Iterating on a Design Component

The subtitle “Navigation Bar” appears in caps above the title “Iteration Walkthrough” against a purple background.

Component Details

A bottom tab bar with 4 options: photos, memories, shared, and albums. Albums — the Active State — is highlighted in blue.
A bottom tab bar in Apple’s Human Interface Guidelines
A bottom navigation bar with 4 options and a purple background. The music tab is highlighted to signify the Active State.
A bottom navigation bar in Google’s Material Design Guidelines

Purpose

Best Practice

Current State

A tab bar with 3 options: goals, my impact, and lifestyle. The icons are bright purple set against a dark indigo background.
Current tab bar

Questioning and Identifying Areas of Improvement

  • Does readability take a backseat here? Both the icons and text are rather small
  • The icons look to be incorporating a two-tone style, but is that the right decision?
  • Is there a clear differentiation between Active and Focus states? Doesn’t look like it.
  • Are there any systems in place here? Let’s incorporate a grid, consistent spacing and a clearer layout.
  • Is this consistent with interaction and UI patterns seen in other apps?

Iteration Process

Two screens side-by-side depicting where to place UI elements and guides/rulers for several iPhone devices.
Guides/rulers for the iPhone X/XS/11 Pro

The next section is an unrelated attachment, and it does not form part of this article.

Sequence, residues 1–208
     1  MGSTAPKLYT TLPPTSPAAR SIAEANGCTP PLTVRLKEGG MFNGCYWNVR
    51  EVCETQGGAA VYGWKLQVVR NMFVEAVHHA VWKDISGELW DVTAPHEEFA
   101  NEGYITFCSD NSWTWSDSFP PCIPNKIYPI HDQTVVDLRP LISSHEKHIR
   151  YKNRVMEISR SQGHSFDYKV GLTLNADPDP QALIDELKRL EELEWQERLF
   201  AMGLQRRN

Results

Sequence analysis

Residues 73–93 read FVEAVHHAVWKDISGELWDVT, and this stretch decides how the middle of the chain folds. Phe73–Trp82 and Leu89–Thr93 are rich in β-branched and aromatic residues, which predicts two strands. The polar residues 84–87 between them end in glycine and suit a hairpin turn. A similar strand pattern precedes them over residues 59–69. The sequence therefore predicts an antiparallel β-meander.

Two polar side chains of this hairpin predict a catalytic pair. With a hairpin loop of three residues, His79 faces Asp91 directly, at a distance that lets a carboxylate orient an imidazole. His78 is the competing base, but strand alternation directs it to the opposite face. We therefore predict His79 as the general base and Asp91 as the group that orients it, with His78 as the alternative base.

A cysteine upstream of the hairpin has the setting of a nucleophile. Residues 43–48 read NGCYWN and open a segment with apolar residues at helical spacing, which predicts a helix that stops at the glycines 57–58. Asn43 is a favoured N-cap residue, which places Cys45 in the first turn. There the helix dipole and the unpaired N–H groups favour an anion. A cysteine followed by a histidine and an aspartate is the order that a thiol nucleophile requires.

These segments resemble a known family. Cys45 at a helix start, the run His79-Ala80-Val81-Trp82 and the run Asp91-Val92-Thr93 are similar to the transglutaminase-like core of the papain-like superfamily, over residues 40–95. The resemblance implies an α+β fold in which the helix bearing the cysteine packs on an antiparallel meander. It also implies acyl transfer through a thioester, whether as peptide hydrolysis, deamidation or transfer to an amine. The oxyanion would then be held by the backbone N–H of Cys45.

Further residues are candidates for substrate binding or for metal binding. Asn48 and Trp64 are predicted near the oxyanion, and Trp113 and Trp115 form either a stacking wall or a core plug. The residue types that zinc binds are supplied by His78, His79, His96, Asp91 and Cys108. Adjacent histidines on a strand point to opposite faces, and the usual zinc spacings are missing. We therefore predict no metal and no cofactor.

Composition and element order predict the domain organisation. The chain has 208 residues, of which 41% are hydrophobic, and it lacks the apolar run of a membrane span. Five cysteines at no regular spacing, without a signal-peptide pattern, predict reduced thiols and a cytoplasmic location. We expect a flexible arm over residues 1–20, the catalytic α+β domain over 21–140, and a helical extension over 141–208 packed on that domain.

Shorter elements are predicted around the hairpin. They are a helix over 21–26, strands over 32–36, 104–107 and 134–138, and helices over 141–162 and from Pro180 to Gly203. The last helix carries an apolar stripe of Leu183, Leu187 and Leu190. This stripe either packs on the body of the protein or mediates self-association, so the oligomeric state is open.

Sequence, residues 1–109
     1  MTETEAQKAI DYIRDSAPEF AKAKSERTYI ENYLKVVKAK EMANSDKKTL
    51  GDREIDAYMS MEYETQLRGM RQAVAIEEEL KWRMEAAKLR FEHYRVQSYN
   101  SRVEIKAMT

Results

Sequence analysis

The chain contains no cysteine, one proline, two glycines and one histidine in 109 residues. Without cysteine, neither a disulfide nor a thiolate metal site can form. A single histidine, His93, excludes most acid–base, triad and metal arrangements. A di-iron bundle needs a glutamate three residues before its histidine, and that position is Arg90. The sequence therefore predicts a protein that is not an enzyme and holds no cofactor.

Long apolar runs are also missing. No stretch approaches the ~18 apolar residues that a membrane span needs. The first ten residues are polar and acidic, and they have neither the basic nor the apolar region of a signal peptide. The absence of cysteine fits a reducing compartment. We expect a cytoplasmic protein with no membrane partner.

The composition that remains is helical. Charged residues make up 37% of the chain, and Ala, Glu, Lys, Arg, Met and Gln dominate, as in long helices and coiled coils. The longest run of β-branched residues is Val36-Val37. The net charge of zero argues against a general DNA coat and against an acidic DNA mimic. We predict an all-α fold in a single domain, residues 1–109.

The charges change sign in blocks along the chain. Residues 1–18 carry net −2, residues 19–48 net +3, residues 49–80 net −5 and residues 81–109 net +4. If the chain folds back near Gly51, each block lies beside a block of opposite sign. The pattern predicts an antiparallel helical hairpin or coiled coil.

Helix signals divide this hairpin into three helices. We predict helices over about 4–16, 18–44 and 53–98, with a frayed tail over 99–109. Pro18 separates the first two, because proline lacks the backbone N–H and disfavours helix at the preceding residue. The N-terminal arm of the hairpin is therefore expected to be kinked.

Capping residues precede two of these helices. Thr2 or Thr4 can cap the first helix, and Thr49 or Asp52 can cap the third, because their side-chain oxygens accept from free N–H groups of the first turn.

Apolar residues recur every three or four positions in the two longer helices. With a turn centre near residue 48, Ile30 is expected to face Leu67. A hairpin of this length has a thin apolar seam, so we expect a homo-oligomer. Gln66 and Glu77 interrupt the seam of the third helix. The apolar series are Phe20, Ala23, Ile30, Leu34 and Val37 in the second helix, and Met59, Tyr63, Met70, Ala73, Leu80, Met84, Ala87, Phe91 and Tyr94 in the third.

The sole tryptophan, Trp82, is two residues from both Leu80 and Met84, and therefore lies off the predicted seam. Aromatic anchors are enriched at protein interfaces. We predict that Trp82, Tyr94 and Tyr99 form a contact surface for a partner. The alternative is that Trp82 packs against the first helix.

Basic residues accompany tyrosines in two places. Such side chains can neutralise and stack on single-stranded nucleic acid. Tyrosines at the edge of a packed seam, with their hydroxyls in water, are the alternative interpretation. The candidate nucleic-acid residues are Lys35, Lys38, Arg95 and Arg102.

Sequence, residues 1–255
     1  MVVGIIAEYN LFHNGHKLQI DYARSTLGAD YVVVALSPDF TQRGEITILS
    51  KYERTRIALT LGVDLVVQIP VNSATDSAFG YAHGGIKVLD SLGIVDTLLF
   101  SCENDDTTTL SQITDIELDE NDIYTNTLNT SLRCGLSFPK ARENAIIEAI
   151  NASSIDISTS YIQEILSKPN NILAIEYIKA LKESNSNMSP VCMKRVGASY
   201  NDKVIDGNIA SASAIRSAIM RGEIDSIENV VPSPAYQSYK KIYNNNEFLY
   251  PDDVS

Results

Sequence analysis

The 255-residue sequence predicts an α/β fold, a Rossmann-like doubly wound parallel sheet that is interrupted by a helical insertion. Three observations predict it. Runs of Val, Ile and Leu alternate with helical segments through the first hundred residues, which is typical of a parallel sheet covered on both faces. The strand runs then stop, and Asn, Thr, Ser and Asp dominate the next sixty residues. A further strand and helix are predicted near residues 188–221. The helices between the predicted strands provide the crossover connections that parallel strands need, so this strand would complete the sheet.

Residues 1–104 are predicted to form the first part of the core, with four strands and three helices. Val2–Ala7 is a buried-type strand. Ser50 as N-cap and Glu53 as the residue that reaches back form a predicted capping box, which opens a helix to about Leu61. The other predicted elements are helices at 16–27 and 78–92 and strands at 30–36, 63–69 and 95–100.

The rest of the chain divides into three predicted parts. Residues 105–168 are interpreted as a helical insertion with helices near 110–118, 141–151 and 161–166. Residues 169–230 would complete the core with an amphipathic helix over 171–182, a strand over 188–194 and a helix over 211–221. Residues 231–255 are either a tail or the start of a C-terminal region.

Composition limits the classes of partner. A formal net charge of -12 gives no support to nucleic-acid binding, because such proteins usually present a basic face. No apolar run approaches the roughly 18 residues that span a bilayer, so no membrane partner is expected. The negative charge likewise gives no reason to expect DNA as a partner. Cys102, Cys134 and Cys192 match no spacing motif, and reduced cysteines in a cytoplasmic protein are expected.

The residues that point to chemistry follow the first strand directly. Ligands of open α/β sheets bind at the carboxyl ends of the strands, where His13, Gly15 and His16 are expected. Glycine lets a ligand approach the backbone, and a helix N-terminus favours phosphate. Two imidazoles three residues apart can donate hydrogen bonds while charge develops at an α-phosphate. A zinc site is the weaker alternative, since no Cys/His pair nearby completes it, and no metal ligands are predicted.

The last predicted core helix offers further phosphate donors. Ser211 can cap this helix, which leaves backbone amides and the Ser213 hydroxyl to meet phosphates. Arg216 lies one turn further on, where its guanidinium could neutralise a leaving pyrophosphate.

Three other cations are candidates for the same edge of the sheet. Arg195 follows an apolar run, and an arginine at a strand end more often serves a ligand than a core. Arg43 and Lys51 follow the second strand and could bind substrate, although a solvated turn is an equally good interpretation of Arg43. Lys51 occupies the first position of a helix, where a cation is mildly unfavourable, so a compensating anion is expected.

An iPhone screen highlighting the 8pt grid system in red.
8pt grid system for an iPhone
3 tabs — 125px each — in red, blue, and yellow respectively.
Bounding boxes for tabs
  • A common pattern is to have an icon with a label
  • Some apps opt not to use a label, but I think we’re better off using a label to add extra clarity to our tab bar
  • The inactive tabs are hard to read and present accessibility issues. To solve this, some apps highlighted the active tab with a brand color while maintaining a successful color contrast for the inactive tabs.
The Google News mobile app on iOS with the “Headlines” tab highlighted in blue as the Active State.
Source: Mobbin.design
The Airbnb mobile app on iOS with the “Saved” tab highlighted in pink as the Active State.
Source: Mobbin.design

Keyline shapes are the foundation of the grid. By using these core shapes as guidelines, you can maintain consistent visual proportions across system icons.

3 tabs (goals, my impact, lifestyle) in red, blue, and yellow respectively.
Tab bounding boxes with icons and labels horizontally centered
The new tab bar design with an indigo background and the goals tab highlighted in periwinkle as the Active State.
The new tab bar design
An arrow pointing to the use of a baseline grid to align text.
Baseline grid
The layers panel in Figma showing the tab bar component grouped and named successfully.
Layers panel in Figma

Results

Before and After

A before and after comparison of the tab bar component in question throughout this article.
Tab bar — before vs. after
The new tab bar design with an indigo background and the goals tab highlighted in periwinkle as the Active State.
Redesigned tab bar
Another tab bar design, this time with an indigo background and the goals tab highlighted in volt green as the Active State.
New tab bar with green as the Active State

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